Percutaneous retrieval of a jugular catheter fragment from the pulmonary artery of a foal.
A 49-kg (107.8-lb) sexually intact male Arabian foal was evaluated at 3 days of age because of profuse watery diarrhea, anorexia, and signs of abdominal pain. Physical examination findings were unremarkable except for evidence of diarrhea. A catheter was placed in the right jugular vein for administration of antimicrobials and lactated Ringer's solution. The foal was discharged with instructions to the owner to continue antimicrobial administration and fluid therapy; at home, the owner inadvertently cut the catheter at the level of the hub during attempted removal, and the catheter fragment migrated distally in the jugular vein and subsequently lodged in the pulmonary artery. The foal was readmitted to the hospital for retrieval of the fragment, using a percutaneous retrieval technique. Catheter fragmentation is a well-recognized risk of catheterization in horses. Catheter fragments can be retrieved somewhat easily from the jugular vein; however, if the fragment migrates to the heart or pulmonary artery, imaging the fragment to locate and retrieve it can be difficult. Complications associated with catheter fragmentation include septicemia, endocarditis, lung abscesses, pulmonary embolism, dysrhythmias, cardiac perforation, pulmonary or caval thrombosis, and death. To our knowledge, this is the first report of successful retrieval of a catheter fragment from the pulmonary artery in a horse.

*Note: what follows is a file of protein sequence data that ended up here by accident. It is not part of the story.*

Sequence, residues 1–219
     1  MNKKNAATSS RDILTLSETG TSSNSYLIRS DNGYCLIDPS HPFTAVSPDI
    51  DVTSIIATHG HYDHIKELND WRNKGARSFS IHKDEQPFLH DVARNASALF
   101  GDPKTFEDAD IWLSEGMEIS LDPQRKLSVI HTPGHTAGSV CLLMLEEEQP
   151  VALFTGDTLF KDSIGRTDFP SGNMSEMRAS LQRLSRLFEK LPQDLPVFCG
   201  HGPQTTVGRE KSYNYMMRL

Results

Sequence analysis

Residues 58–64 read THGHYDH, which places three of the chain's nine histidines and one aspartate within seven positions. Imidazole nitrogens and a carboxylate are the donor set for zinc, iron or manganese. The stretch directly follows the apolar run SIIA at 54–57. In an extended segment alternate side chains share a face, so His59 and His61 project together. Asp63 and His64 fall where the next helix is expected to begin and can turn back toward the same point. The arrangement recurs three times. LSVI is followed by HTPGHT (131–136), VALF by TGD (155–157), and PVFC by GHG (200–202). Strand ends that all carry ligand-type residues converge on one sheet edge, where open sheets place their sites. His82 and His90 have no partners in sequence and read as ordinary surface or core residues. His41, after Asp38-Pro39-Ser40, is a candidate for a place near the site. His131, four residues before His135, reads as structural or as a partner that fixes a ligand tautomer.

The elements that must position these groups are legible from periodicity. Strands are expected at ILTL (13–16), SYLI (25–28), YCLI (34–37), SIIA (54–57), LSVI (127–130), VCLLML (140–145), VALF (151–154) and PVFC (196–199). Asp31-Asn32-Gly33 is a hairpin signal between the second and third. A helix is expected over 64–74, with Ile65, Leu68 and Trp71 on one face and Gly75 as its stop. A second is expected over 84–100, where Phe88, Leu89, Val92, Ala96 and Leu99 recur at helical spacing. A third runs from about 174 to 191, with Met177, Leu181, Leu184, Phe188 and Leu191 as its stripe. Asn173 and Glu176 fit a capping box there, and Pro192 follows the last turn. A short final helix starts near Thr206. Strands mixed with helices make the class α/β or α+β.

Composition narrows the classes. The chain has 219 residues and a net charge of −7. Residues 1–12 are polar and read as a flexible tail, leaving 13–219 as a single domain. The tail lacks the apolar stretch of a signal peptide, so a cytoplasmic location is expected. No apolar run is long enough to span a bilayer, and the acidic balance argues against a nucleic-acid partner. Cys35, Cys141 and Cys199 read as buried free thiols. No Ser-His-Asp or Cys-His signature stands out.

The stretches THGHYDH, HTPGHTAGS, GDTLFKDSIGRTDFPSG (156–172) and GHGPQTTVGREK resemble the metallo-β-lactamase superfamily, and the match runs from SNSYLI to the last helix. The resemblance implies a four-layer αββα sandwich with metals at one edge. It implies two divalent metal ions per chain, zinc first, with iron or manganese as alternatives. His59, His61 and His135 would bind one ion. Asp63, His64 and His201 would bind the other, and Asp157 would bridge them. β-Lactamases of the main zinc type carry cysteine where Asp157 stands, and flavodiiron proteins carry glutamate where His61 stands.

Little, D; Keene, BW; Bruton, C; Smith, LJ; Powell, S; Jones, SL
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